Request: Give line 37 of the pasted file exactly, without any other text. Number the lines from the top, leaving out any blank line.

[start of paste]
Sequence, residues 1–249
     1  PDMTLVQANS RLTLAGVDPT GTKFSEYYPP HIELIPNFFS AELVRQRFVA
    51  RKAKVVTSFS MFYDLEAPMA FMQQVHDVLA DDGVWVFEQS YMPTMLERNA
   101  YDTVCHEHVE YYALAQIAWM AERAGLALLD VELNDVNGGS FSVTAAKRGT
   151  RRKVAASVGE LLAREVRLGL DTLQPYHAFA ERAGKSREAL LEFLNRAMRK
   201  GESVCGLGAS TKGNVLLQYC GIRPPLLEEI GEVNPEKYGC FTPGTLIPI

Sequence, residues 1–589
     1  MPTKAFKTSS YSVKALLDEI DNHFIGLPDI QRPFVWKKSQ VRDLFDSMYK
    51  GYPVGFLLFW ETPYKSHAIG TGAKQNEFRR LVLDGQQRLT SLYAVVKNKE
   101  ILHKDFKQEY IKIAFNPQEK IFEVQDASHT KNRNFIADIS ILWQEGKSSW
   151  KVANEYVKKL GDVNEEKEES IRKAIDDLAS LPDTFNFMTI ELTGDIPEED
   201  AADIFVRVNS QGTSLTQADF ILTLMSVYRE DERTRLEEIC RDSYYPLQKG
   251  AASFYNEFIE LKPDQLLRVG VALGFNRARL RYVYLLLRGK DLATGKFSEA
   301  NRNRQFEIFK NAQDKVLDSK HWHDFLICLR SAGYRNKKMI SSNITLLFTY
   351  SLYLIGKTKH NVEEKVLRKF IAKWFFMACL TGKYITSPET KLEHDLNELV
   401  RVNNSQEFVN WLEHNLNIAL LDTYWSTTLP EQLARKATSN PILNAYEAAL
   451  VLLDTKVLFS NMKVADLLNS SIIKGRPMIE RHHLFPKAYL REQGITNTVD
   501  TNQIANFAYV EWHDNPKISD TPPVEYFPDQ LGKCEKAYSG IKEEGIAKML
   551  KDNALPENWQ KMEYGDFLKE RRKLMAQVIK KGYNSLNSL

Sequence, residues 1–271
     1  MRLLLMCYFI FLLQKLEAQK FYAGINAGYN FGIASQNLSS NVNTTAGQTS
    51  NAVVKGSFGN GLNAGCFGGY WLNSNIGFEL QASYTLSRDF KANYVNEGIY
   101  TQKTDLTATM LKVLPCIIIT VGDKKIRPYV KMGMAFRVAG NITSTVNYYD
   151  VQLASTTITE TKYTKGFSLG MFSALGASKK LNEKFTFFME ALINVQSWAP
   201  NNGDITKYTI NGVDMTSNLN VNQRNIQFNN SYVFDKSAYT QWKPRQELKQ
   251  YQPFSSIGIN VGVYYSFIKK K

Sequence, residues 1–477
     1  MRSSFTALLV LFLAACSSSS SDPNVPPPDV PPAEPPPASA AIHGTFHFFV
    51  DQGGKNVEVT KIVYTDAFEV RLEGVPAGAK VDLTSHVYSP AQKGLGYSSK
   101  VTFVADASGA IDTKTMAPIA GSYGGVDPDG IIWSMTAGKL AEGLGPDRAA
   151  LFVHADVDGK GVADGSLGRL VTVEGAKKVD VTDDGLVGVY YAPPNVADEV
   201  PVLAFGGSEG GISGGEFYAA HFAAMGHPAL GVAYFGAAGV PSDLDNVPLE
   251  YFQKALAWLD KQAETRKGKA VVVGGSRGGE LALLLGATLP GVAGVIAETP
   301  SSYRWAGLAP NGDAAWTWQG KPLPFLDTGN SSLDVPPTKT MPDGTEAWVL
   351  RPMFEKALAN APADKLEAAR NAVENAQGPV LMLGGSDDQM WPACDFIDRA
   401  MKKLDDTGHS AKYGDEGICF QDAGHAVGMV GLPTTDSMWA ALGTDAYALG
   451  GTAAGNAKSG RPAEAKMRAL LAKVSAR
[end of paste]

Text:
   451  GTAAGNAKSG RPAEAKMRAL LAKVSAR